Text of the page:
More Trouble Ahead For U.S. Property Insurers? Heeding The Canaries In the Coalmine

ALIRT recently noted the substantial downgrade of Texas property insurer Germania Farm Mutual Insurance Association (GFMIA) followed closely by the liquidation of Kansas-based MutualAid eXchange (MAX). While we would normally not issue special commentary on two relatively obscure insurers, we feel their troubles may signal the need for greater vigilance on the part of distributors as regards their regional property insurer partners. In short, they may reflect proverbial canaries in the coalmine.

Overview of Reciprocal Insurance Exchanges and Recent Market Trends

Reciprocal Insurance Exchanges (RIE; also referred to interinsurance exchanges) have long been a part of the property & casualty (P&C) insurance industry, with roots dating back to the late nineteenth century. Many of the largest RIEs today began operations in the early decades of the last century, with the top five largest RIEs by direct written premiums founded prior to 1930.

Privately-Owned Insurers in the U.S. Life Insurance Industry

In the wake of the 2008/2009 global financial crisis, the U.S. life insurance industry underwent a spate of business sales/exits, spin-offs, and product changes in the 2010s which has continued through the 2020s. ALIRT has discussed many of the trends and factors that have contributed to this transition, and one of the most impactful developments has been the increased number of life insurance companies owned by asset managers, private investment funds, and other private investor groups. While privately-owned organizations have long been involved in the life industry (and the entire insurance industry for that matter), they have become increasingly active in acquiring life insurers in the years subsequent to the financial crisis. Some reasons for this trend include:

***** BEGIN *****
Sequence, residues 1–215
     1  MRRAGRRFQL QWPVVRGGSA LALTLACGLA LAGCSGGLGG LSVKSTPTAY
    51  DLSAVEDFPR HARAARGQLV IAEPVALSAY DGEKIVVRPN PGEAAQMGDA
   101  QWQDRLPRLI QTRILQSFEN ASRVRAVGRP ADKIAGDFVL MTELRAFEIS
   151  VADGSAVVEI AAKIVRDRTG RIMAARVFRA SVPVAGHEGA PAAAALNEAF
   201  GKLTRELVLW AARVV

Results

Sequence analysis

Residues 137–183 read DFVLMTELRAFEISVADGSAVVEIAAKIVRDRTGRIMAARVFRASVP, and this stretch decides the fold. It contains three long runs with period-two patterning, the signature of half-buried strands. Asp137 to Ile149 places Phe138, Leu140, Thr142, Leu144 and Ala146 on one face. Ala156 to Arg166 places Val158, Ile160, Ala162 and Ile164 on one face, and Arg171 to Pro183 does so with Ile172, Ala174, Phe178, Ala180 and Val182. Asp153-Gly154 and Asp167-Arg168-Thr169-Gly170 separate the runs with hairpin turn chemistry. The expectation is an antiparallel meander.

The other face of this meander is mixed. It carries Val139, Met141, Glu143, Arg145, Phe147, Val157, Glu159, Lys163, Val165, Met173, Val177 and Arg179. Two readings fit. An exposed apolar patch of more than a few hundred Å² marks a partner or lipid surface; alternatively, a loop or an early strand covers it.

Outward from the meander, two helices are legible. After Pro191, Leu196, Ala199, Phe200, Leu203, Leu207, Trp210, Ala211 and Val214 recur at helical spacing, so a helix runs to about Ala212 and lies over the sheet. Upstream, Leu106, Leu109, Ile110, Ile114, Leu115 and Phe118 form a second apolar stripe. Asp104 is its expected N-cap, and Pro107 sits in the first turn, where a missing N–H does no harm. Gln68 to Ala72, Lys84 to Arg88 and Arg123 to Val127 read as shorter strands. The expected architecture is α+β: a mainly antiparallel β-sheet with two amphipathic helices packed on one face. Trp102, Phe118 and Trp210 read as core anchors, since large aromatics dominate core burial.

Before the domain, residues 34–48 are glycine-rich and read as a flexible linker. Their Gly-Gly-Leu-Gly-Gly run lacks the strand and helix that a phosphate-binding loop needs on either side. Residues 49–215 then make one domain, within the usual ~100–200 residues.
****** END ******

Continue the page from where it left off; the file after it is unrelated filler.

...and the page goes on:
Cracks Starting to Show? Fallout From Collateral Issues with Vesttoo

It’s tough times for the U.S. property & casualty (P&C) Industry. Tough times for insureds who confront ever higher rates in most lines of business, for (re)insurers which are struggling to right-size pricing in the teeth of inflation and a volatile loss environment, and for regulators who, in personal lines especially, are caught between the conflicting demands of the first two. In addition, wholesale distributors vie for diminished capacity while retail producers lament market exits and spiking rates. Investors, for their part, wonder when the market will regain some sort of consistent footing.

BBB-rated Bond Exposure for Life Insurers

Life insurers significantly increased their holdings of NAIC Class 2 bonds (bonds with BBB/Baa ratings public rating agencies) in the years since the financial crisis of 2008-2009.

MetLife and Prudential Cede Legacy Blocks

In the past week both MetLife, Inc. (MetLife) and Prudential Financial, Inc. (Prudential) announced reinsurance transactions pertaining to existing products and business lines. Details regarding each transaction are highlighted below: